HAWAII FISHING NEWS STAFF EXECUTIVE PUBLISHER.............................Carrie JohnstonFOUNDER ................................................ Chuck JohnstonSENIOR EDITOR ............................................ Monica KingPROOFREADER ......................................... Celia TakahashiCOUNTER SALES ........................................ Valerie OrtegaPRODUCTION ARTISTS .......... Kim Ready, Stephanie StatonFISHY TOONS ..........................................Allen TsukamotoILLUSTRATOR ................................................. Leslie Hata THIS MONTH’S CONTRIBUTORS CHUCKY BALUCAN.................Weekened Field Test: Ulua LuresTY DECORTE.............................................. Spikey the UluaDLNR..............................................Black-Tailed Deer SeasonROBERT DUERR...................................................... Splash!JENNIFER FRATZKE............................... Molokai Fly FishingJAMIE HAMAMOTO.............................................................Mr. UluaMIKE HARBOWY..................................................................Tail TaleRICHARD HOEFLINGER............. Wired - Finale, Just Rolling AlongAMBER HUDNALL........................ Kona Charter Desk ReportJIM HULL...................... Amazing Adventures at the Ahi ShootoutDON MEMMER.. ........................ Father’s Day Fishing in BajaMAX RENIGADO............Chasing Ulua-Good Gear & Social MediaMIKE SAKAMOTO.. .................... Earl Matsui’s 150-Ib DreamCRAIG SEVERANCE...................................... Hilo SeawatchDONNELL TATE....................................... Lahaina SeawatchED TORRISON............. Wee Guys Celebrate Another Big YearALLEN TSUKAMOTO.......Young Angler & Kidtime AdventuresWPRFMC...... Fishermen Play Integral Part in Bottomfish MngmtSTAN WRIGHT............................ Are Your Hooks Sharp Enough?…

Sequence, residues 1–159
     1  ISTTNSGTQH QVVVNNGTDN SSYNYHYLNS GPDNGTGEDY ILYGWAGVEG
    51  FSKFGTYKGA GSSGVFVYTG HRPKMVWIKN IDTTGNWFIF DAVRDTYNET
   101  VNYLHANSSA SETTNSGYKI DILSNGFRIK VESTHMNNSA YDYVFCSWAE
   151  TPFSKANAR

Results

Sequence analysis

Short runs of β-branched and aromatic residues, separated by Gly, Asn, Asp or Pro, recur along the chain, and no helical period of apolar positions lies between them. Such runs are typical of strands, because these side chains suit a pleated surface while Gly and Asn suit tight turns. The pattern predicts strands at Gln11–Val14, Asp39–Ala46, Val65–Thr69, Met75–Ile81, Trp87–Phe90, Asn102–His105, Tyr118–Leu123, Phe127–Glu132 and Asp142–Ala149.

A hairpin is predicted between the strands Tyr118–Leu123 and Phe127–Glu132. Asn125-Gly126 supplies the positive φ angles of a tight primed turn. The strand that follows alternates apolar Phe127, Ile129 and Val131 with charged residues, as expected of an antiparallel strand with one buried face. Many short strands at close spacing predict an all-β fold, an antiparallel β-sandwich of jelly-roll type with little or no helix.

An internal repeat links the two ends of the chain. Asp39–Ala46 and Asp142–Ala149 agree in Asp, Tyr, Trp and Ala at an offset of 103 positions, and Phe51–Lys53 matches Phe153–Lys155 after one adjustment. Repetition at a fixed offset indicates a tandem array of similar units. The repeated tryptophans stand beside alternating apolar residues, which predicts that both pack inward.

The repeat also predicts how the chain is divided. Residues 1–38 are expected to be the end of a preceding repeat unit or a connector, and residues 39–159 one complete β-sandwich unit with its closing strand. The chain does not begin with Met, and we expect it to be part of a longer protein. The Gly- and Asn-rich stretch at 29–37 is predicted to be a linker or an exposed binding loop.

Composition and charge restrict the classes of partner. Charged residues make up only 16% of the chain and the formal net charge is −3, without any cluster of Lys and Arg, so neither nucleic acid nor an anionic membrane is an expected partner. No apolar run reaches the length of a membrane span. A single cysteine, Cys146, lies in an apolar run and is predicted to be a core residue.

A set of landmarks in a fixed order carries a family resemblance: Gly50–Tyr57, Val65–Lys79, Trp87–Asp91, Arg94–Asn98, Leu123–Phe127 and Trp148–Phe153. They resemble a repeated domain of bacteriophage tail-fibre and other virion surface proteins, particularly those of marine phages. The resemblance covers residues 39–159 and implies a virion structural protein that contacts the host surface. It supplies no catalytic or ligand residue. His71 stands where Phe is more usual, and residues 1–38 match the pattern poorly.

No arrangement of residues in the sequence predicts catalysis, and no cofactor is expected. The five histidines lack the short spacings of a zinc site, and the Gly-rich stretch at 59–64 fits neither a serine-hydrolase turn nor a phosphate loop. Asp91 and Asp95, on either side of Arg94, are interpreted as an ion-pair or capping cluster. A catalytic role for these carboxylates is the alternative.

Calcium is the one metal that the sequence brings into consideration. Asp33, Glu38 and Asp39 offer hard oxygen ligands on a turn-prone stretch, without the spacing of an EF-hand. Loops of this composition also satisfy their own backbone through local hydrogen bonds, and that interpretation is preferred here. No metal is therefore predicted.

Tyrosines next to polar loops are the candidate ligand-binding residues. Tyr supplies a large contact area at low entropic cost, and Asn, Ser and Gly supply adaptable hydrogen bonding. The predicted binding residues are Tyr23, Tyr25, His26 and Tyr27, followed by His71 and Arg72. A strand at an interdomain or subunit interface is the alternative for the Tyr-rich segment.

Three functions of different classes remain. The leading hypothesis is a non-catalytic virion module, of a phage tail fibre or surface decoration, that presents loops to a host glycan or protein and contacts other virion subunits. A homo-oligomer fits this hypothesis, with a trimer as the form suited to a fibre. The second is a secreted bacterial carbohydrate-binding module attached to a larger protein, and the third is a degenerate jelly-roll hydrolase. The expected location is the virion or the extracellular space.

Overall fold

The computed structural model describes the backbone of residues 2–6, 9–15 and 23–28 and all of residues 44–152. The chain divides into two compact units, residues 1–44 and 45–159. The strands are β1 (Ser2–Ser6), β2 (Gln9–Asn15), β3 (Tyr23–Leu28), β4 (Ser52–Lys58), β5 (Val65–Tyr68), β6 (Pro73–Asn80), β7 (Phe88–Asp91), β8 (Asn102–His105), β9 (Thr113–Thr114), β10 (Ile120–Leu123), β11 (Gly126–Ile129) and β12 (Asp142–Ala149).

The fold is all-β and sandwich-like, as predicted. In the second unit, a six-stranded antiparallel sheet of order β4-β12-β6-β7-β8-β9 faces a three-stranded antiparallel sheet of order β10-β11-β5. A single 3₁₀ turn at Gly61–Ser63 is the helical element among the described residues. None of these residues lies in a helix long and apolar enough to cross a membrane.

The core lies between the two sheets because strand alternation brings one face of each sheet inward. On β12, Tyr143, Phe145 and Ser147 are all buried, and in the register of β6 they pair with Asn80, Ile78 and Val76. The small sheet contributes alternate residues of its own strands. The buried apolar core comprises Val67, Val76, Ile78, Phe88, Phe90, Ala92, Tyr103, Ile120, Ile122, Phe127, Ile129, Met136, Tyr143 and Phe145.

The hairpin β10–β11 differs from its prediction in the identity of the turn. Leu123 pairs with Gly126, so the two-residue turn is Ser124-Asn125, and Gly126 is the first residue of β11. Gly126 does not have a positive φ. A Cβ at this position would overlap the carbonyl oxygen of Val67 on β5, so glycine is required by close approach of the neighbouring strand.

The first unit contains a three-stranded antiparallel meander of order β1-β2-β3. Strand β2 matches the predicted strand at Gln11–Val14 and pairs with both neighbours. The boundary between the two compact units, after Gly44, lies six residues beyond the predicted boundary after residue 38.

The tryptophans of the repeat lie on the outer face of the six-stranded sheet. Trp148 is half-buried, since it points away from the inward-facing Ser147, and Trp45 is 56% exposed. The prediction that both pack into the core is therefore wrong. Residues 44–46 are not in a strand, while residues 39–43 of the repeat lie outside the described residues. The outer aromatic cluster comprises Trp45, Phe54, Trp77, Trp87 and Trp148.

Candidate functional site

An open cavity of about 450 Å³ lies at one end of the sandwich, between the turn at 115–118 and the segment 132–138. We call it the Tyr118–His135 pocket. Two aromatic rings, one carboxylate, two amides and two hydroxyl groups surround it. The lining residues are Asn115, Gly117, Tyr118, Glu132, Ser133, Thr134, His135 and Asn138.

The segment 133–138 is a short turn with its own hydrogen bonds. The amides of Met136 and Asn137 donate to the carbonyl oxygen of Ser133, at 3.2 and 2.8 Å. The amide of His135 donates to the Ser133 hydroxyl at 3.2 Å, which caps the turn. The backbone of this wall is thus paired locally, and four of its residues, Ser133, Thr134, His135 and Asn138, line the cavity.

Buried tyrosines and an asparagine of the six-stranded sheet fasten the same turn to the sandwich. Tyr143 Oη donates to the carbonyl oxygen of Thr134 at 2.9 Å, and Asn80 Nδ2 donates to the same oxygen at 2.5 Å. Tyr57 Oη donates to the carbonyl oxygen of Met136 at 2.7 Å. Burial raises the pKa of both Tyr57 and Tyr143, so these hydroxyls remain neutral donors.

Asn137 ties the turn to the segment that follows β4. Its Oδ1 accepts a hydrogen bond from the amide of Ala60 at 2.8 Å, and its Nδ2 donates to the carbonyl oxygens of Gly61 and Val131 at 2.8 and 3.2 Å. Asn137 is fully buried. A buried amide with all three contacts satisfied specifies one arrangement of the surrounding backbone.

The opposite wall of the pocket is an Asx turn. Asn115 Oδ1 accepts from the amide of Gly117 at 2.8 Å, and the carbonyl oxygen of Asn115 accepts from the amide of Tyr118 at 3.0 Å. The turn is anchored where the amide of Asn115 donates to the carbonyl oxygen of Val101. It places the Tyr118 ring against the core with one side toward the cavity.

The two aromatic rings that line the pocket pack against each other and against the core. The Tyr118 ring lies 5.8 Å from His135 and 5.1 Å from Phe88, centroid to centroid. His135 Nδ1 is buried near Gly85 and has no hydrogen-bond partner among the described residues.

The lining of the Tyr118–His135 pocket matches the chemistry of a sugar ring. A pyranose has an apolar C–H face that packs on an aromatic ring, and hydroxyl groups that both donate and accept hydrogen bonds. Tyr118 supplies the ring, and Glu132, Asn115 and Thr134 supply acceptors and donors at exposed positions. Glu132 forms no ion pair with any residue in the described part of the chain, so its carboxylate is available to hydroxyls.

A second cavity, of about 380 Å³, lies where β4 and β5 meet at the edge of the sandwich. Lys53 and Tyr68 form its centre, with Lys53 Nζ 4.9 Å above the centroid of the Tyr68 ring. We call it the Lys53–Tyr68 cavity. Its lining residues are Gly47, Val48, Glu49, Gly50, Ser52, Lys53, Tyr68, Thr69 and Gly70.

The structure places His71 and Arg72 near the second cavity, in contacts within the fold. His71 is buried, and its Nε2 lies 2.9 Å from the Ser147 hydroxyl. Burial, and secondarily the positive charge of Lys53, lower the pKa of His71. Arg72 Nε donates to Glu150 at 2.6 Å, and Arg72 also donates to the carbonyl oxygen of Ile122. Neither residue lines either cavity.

access_time3 min.
chasing ulua - good gear and the social media evolution

The social media age has allowed me to learn from the past and the international G.T. (giant trevally) community. The history of fishermen chasing papio and ulua in Hawai‘i is unbelievable. It is fascinating to see the gear used in the early days, including big reels with 30- or 40-lb test line, 12-foot surf rods and 4- to 5-oz resin or wood lures. My desire to chase ulua came from watching Hari Kojima and friends on “Let’s Go Fishing” getting spooled in Fiji, and Mike Sakamoto casting into the surf off of Ni‘ihau. There was one huge difference—I wanted the same action, but from shore! In 1992, when I was in high school, I tried to catch a G.T. I saved my money and bought a stiff 11-foot surf rod and a…